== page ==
|Publication number||US5850068 A|
|Application number||US 08/867,813|
|Publication date||Dec 15, 1998|
|Filing date||Jun 3, 1997|
|Priority date||Jun 7, 1996|
|Also published as||DE69721378D1, DE69721378T2, EP0811453A2, EP0811453A3, EP0811453B1|
|Publication number||08867813, 867813, US 5850068 A, US 5850068A, US-A-5850068, US5850068 A, US5850068A|
|Inventors||Christopher Nicholas David Peters, Julian D C Jones, Duncan Paul Hand, Francis Martin Haran|
|Original Assignee||Lumonics Ltd.|
|Export Citation||BiBTeX, EndNote, RefMan|
|Patent Citations (7), Non-Patent Citations (2), Referenced by (15), Classifications (10), Legal Events (10)|
|External Links: USPTO, USPTO Assignment, Espacenet|
This invention relates to focus control in laser processing of material. In particular, but not exclusively, it relates to an apparatus and method for controlling the focus in real time of a laser beam during a laser material-processing operation so that the beam remains in focus at the point of processing during an entire processing operation. The invention also relates to the monitoring of the focus of a laser beam. The processing operation may be laser welding for example or may be laser cutting or drilling or any other laser processing operation.
Laser welding is generally performed using a continuous (CW) laser beam, or a repetitively pulsed laser beam in which the focal spot of one pulse partially overlaps the focal spot of the previous pulse in an attempt to create a continuous weld as the material to be joined by welding moves laterally past the laser beam. The traditional method of laser welding uses relatively long pulses of modest peak power. The relatively long pulses allow time for applied energy to be conducted down through the thickness of metal to get a full-depth weld and the modest peak power ensures that the surface layer is not significantly vaporised. More recently, a technique of keyhole welding has been developed in which a continuous or pulsed laser beam of high peak power is used in order to vaporise the material at the focus point of a beam. This creates a hole (a keyhole) in the material. The hole is filled with plasma which is so dense that the plasma itself continues to absorb energy provided by the laser beam. As the beam traverses the material (or vice versa) the keyhole moves laterally across the material and leaves a full-depth weld bead. The focus point of the beam is crucial in this type of laser welding since, if the beam intensity at the workpiece falls due to reduction in beam power or because the beam is no longer focused on the workpiece surface, then the keyhole collapses and welding performance degrades. Correct beam focus positioning is also important in the more traditional method of laser welding since departures from the correct focus position tend adversely to affect weld width and depth.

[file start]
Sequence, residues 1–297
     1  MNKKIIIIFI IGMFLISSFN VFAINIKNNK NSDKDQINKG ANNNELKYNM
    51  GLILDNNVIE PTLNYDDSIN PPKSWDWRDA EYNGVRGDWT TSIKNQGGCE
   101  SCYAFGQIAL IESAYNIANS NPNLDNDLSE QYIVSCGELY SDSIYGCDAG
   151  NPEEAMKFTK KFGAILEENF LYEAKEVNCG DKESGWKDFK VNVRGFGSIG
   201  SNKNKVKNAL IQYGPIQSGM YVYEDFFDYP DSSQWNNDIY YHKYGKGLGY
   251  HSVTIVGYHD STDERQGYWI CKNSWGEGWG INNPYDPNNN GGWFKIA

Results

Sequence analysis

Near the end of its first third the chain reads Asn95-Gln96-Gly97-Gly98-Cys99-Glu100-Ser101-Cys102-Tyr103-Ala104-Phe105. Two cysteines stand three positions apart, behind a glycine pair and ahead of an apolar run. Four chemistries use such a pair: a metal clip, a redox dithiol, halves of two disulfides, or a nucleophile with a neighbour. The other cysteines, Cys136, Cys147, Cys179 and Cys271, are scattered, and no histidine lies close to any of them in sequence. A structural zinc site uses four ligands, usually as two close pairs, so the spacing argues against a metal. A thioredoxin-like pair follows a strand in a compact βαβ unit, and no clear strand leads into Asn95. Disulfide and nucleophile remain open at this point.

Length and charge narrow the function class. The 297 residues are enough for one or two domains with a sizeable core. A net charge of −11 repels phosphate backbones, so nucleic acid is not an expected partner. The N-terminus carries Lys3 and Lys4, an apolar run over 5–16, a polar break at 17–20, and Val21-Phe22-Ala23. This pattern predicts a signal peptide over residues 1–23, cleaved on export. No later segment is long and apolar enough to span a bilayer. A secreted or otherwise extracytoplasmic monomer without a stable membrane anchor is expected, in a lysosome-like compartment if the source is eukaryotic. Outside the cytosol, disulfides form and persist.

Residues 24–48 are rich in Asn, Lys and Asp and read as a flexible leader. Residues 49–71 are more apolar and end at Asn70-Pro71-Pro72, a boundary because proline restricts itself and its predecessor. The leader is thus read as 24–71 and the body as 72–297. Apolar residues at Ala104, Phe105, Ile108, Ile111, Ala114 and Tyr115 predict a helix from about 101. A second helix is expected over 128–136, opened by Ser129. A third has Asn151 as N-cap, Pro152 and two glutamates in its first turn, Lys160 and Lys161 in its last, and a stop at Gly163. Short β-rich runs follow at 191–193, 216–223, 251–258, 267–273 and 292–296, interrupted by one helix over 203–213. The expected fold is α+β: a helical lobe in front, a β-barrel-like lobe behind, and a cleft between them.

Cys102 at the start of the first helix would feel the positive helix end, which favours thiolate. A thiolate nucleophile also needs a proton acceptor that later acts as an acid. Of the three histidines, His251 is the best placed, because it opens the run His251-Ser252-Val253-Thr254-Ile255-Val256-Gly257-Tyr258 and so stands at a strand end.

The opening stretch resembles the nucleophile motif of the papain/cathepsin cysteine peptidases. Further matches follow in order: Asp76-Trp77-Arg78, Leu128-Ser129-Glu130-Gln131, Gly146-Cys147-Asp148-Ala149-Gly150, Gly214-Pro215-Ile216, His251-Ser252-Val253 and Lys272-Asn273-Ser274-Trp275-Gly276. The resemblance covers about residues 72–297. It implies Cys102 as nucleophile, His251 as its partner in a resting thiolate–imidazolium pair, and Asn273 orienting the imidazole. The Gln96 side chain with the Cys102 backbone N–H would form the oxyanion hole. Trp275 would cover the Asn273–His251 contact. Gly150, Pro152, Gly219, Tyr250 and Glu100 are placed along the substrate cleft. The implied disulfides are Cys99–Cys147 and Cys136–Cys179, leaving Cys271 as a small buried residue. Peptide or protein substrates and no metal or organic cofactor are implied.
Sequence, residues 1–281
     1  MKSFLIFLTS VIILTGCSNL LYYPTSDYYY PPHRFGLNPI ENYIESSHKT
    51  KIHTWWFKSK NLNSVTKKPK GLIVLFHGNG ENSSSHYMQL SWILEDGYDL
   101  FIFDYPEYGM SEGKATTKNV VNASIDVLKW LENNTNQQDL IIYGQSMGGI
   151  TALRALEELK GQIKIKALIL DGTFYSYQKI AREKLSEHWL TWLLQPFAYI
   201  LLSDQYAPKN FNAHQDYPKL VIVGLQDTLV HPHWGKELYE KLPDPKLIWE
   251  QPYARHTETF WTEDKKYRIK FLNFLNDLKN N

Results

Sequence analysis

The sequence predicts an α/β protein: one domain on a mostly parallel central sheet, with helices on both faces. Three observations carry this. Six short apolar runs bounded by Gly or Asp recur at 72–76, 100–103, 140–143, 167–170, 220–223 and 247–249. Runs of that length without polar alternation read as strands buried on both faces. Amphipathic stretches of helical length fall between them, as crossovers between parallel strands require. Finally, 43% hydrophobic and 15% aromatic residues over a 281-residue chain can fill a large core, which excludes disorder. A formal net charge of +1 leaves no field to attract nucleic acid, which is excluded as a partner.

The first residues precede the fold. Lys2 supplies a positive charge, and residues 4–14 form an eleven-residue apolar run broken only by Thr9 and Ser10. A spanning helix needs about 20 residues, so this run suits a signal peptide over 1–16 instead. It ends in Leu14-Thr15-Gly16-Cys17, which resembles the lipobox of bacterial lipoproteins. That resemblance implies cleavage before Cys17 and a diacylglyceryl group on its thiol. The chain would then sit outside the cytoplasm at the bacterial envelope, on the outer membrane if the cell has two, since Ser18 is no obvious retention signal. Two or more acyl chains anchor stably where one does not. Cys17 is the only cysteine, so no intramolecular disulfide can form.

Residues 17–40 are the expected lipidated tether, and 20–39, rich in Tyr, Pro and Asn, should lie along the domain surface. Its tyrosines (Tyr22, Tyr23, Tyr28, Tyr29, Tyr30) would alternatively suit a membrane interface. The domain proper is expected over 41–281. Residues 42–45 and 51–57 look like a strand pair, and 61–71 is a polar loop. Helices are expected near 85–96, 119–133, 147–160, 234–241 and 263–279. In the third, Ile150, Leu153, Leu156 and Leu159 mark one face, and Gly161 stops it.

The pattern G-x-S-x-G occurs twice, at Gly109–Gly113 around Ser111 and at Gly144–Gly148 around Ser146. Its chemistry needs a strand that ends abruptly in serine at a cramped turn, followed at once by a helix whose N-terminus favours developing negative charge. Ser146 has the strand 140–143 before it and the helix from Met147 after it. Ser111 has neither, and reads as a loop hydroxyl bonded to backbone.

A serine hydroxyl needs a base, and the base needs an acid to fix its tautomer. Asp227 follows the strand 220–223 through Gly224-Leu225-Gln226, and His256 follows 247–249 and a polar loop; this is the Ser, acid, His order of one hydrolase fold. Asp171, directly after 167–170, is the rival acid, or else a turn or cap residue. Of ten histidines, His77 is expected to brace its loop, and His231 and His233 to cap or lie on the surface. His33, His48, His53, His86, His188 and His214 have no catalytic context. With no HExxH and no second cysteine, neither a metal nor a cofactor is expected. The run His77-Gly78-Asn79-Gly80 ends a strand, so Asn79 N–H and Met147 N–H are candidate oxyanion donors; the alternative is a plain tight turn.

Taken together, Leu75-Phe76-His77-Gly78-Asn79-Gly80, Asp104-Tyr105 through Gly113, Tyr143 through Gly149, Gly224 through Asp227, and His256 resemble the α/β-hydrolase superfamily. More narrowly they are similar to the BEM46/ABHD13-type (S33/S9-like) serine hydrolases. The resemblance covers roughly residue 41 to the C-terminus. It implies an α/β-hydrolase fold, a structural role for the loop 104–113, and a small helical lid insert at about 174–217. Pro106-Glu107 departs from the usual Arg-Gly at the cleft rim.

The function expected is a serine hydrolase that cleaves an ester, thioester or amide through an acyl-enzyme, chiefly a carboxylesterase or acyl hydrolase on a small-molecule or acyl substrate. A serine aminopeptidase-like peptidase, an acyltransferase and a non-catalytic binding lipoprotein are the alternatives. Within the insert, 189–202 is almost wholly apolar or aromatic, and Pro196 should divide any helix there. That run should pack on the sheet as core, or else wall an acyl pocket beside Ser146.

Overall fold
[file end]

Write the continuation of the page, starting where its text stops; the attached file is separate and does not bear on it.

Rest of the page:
In some cases, it is possible to preprogram the motion of the beam delivery head across the component to be welded on the basis of a known fixed configuration of the component. However, this is not always possible, particularly with components, such as pressed sheet-metal ones, which often do not have a consistent shape and are liable to flex. Also, in cases where the beam delivery head is manipulated by an articulated robot arm, only relatively poor positional accuracy can be maintained.
Methods for automatic focus control have been applied in the past, and these are often based upon capacitance measurements. In some systems, a laser beam is focused onto a workpiece via a coaxial gas nozzle which delivers a coaxial stream of oxygen or air to the process zone to enhance the effect of the laser beam on the material. By measuring the capacitance between a metallic gas nozzle and a metallic workpiece electrically, a degree of focus control can be maintained. However, electrical based sensors such as these tend to be adversely affected by high levels of electrical interference which are generated during laser welding. The method can therefore only be used with pulsed lasers and during the period between pulses to avoid interference. This is undesirable and means that the technique cannot generally be used for welding using continuous (CW) laser beams and also false readings can arise through various factors.
The present invention arose in an attempt to provide an improved automatic focus control system for a laser welding system and one which does not rely on electrical charge measurement.
According to the present invention there is provided apparatus for monitoring the focus of a laser beam; comprising a beam delivery path for delivering a laser beam to a workpiece, the beam delivery path including an optical assembly having chromatic aberration and being arranged so that at least a portion of optical radiation generated at the workpiece by virtue of interaction between the workpiece and the laser beam is transmitted back through the optical assembly; an intensity discriminating aperture; means for separating the received optical radiation, after passing through the aperture, into at least two spectral bands; means for detecting the respective powers of the received radiation of the at least two spectral bands and generating electrical signals representative of said powers, and means for generating, from the electrical signals, an error signal representative of the separation of the focus of the laser beam from the workpiece.